Seeing, hearing, touch, taste, smell, magnetic sense and emotions are the chapters under which Prof Tim Birkhead FRS discusses what it’s like to be a bird.
It’s a good read and I learned a lot about how we people sense the world around us as well as how birds sense it differently.
How do birds sense distant rain? How do oilbirds and owls navigate in the dark? Which eye will let robins sense the Earth’s magnetic field? How do dunnocks feel when they copulate for a tenth of a second but hundreds of times a day? What is it like to be an emperor penguin diving down to 400m in the Antarctic seas? These are the types of question that Tim Birkhead adresses in this book and although he doesn’t completely answer all of them (ask a dunnock is my only suggestion) he takes the reader either to the answer or as close to it as science has so far achieved.
All this is wrapped up with stories of Tim in the field – hooking guillemots off their ledges, grabbing kiwis or catching corncrakes. Serious and distinguished scientist though he is, Tim Birkhead knows birds from watching and noticing as well as studying and experimenting.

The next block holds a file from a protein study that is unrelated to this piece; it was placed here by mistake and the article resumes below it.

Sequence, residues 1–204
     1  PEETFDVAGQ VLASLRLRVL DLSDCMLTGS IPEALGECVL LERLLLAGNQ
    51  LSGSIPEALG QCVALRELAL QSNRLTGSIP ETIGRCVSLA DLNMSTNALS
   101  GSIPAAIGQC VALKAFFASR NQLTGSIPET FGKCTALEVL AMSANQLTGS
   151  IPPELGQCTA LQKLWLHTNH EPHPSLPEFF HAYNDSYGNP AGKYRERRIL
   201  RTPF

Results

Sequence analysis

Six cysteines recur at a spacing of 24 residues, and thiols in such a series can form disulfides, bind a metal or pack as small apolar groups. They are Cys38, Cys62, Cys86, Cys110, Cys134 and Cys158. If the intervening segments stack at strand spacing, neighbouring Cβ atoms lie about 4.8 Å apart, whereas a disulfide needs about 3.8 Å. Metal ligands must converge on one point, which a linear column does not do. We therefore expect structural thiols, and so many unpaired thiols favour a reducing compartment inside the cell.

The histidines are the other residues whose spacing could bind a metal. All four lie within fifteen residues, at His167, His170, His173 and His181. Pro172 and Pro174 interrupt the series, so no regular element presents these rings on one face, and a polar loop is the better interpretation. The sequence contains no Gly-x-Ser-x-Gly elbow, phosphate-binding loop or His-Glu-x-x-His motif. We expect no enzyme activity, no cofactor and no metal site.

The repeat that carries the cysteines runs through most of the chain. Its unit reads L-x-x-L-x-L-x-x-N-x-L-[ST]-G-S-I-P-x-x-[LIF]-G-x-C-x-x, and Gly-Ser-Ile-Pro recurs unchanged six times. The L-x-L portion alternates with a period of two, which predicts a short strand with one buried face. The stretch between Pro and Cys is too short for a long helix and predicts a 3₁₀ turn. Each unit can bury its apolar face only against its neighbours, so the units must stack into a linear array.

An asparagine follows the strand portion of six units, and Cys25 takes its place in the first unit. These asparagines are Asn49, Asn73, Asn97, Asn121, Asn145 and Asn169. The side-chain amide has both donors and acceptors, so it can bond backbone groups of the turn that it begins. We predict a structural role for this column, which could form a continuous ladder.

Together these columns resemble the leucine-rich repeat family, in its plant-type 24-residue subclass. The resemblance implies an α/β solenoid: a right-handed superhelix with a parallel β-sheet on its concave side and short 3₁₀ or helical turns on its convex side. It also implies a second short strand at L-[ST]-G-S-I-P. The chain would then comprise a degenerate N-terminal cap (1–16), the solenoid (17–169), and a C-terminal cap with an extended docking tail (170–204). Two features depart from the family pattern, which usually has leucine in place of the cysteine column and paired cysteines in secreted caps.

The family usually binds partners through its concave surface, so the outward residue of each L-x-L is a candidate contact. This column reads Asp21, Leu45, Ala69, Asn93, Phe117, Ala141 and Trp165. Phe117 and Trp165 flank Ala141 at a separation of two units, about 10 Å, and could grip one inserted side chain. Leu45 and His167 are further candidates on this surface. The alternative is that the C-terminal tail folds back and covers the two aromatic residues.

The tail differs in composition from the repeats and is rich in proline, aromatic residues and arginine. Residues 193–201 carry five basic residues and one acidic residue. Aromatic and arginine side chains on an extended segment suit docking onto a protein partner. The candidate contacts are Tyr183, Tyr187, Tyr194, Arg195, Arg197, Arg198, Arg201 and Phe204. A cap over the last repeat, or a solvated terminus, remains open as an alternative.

One of the reasons that we are so keen on birds (you are too, aren’t you?) is probably that we are strange mammals. We share the birds’ world of hearing and sight rather than the typical mammal’s world of touch and smell. This book gets you into the head of a bird so that we can understand better quite how well an eagle sees and how keenly an owl hears.
Read this book – it will delight your senses.
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